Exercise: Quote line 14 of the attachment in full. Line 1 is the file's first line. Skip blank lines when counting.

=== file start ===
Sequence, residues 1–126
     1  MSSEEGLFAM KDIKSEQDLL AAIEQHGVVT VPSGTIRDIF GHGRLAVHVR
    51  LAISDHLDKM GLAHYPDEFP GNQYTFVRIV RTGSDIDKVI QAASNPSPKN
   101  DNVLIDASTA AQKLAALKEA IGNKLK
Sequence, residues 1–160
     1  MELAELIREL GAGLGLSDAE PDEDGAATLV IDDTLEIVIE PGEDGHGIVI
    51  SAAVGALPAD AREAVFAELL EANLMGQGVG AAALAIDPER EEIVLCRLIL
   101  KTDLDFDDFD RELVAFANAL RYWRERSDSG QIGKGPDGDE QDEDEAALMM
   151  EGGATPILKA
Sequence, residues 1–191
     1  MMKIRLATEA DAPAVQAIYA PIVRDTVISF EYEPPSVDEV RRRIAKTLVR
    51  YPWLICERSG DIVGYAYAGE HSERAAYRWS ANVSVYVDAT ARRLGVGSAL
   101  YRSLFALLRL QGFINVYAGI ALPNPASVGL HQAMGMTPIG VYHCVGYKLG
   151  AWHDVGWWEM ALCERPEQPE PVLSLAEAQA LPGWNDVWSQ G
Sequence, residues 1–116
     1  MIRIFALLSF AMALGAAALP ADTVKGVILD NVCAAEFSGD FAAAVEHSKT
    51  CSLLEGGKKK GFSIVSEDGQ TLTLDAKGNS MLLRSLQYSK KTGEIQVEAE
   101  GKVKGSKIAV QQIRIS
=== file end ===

   151  AWHDVGWWEM ALCERPEQPE PVLSLAEAQA LPGWNDVWSQ G